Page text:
Storm blasts homes, cornfields

Register Reporter

Register/Richard Luken
This house owned by Tracy Smith east of Mildred and rented to Terry Ayers sustained major damage as a brief but ferocious thunderstorm pounded the home with hailstones and damaging winds. Several homes in Anderson, Allen, Bourbon and Franklin counties were damaged in Wednesday’s storm.

While much of Allen County was oblivious to storm clouds brewing overhead Wednesday afternoon, Tracy Smith had an up-close view of Mother Nature’s wrath.
Smith, principal at Uniontown High School, was spraying weeds on grassland he owns a few miles east of Mildred as the storm approached.
By mid-afternoon, a single thunderstorm cell that had developed over Ottawa in Franklin County slowly crept its way south across Anderson and finally Allen counties at about 3:30.
Amid the darkening skies was what appeared to be a wall cloud, Smith said, “although it was pretty long and it bowed.”
Smith headed back to his farm, parking his tractor inside his barn as a rainstorm quickly grew in intensity.
“I had every intention of parking my daughter’s Jeep and our other car in the barn, too,” he said. “But by the time I parked the tractor, about all I could do was stay in the barn and hold the door shut so the wind wouldn’t blow it open.”
The storm, accompanied by 60 mph winds, torrential rain and hailstones the size of quarters lasted for more than 30 minutes.
Smith emerged from the barn to find his house had taken a direct hit. A large tree limb had crashed through the roof into his daughter’s recently remodeled bedroom. Several windows had been blown away, and large, round hay bales had blown across his property. Straw from one bale wound up scattered inside his house.
His daughter’s jeep was buried beneath a downed sycamore tree. A basketball goal was blown on top of Smith’s car.
Another house Smith owns to the west sustained major damage as well, as the hail shredded the home’s vinyl siding and blasted out several windows.
“We’ve got a mess,” Smith said. “Luckily, nobody was hurt.”
The storm did considerable damage along an 80-mile swath stretching from Ottawa to past Uniontown in rural Bourbon County.
Several homes in Franklin, Anderson, Allen, Bourbon and Crawford counties sustained damage to windows and siding, with isolated reports of roofs being blown off. In addition, numerous power lines were downed, dozens of trees uprooted, barns and outbuildings demolished and a number of cornfields were reduced to little more than bent and broken stocks.
Williams counted at least 10 homes in Allen County with “minor” to “major” storm damage, most of which were near Mildred.
A pickup towing a large travel trailer near Bronson on U.S. 54 was blown over in the high wind, as were two tractor-trailers along Interstate 35 near Ottawa. There were no injuries.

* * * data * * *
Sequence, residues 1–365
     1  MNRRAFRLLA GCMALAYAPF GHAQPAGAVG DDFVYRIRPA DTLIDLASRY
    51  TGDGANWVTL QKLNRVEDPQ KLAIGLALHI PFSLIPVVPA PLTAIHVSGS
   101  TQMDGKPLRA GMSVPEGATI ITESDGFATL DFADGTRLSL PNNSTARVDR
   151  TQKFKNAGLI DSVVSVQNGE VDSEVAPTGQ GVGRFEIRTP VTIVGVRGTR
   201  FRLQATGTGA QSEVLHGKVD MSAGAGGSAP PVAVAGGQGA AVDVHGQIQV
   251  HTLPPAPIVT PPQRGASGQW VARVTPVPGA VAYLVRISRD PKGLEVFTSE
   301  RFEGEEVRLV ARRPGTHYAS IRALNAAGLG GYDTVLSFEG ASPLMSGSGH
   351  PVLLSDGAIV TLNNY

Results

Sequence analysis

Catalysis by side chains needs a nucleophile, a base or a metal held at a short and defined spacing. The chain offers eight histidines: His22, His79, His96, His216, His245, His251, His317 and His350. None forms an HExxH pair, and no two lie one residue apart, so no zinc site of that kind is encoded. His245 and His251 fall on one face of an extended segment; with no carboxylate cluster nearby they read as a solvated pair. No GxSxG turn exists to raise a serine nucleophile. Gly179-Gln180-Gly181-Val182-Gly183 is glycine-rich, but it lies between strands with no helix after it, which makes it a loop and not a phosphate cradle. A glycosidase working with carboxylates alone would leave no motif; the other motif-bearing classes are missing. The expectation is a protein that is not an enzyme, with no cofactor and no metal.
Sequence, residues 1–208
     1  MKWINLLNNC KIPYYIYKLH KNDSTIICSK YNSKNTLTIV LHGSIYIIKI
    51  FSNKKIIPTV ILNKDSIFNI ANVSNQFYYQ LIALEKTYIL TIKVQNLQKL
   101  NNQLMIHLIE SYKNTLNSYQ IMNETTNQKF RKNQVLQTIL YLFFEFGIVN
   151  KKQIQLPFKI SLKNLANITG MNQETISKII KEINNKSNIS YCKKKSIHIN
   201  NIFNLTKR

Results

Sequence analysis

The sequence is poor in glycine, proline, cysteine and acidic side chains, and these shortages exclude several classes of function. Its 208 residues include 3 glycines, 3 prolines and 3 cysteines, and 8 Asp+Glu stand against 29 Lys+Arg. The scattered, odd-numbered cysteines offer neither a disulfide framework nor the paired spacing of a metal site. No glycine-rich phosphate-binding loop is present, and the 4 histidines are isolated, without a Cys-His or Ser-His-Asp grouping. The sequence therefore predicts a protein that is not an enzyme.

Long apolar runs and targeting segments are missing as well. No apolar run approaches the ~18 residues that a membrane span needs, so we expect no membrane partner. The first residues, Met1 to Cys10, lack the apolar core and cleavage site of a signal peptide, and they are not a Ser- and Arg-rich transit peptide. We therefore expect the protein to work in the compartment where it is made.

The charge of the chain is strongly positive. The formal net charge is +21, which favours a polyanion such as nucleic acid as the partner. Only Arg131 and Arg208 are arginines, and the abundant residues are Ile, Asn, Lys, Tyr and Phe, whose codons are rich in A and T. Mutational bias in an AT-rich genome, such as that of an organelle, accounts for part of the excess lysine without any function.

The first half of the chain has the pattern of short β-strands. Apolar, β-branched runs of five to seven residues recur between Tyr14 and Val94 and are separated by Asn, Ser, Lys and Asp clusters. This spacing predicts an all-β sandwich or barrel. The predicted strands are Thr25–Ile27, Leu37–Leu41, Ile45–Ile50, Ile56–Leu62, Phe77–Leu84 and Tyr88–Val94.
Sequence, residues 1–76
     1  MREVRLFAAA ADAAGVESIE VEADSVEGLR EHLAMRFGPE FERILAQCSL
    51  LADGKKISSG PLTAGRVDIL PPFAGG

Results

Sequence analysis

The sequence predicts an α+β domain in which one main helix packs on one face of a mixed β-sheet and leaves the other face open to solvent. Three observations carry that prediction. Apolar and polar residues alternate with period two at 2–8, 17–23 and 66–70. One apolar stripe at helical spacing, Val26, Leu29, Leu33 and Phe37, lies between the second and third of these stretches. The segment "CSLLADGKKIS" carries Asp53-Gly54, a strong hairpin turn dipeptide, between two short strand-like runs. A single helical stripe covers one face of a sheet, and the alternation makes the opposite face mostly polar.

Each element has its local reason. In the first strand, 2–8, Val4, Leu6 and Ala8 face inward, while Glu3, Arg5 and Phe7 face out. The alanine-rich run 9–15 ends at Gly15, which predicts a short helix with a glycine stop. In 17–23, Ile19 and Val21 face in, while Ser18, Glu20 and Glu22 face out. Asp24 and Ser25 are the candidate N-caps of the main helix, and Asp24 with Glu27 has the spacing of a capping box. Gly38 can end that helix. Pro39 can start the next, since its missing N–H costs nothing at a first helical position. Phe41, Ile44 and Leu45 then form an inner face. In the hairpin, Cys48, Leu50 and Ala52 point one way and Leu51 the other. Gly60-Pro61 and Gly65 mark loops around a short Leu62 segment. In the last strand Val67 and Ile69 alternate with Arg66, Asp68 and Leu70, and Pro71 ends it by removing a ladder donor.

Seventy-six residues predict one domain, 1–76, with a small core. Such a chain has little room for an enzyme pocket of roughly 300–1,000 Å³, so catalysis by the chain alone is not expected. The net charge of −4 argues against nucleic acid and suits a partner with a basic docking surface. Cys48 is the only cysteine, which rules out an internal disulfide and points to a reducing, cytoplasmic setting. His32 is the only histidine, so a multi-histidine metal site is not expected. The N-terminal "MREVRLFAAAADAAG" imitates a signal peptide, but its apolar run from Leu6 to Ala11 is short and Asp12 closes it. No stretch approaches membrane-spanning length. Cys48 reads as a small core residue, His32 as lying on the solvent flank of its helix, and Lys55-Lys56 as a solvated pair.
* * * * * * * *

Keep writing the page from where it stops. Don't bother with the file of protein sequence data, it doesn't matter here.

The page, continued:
The hail fell at such a rate that road crews almost were needed to clear paths along some roadways. Allen County Sheriff Tom Williams reported seeing drifts of hail 3 feet deep in some ditches.
“I don’t know that I’ve ever seen white ground in Kansas in the middle of July,” Williams said.
There was another visual oddity for motorists to contend with — fallen foliage. Several gravel roads were blanketed in green from leaves blown off of nearby trees.
Several workers from Allen County’s Public Works Department were summoned to the scene to clear downed trees from roadways. Crews worked until about 8:30 p.m., Public Works Director Bill King said.
“We focused on getting the roads cleared,” he said. “We’re back out there today to get the debris out of the ditches.”
King anticipates the county’s clean-up efforts will last through Friday.
Williams lauded the Public Works employees as well as electric company workers who were on the scene shortly after the storm left the area.
“They did a tremendous job,” the sheriff said.

SEVERAL HOMES in Bronson had windows broken and damaged siding as well, City Clerk Ellen Harper reported.
The Associated Press reported that high winds also pulled roofs from a motel and a small airplane hangar in Ottawa.
In Anderson County, cars and trucks were blown off the road by winds estimated at 80 mph. Dozens of power poles were snapped, affecting hundreds of customers.
Michelle Miller, Anderson County Sheriff’s Department spokesman, told the Register that efforts are under way to open a shelter for displaced residents in Garnett, perhaps as soon as this evening. At least 10 percent of the town was without power, “and we know we’re going to have to deal with the heat soon,” she said. “Normally, we’d use the high school, but that’s one of the places without power.”
Wednesday’s events also illustrated the fickle nature of Kansas weather.
The storm’s swath was so narrow that, while the skies darkened overhead, the western half of Allen County received nary a drop of rain. And corn and soybean fields less than four miles from those devastated by the wind and hail were untouched.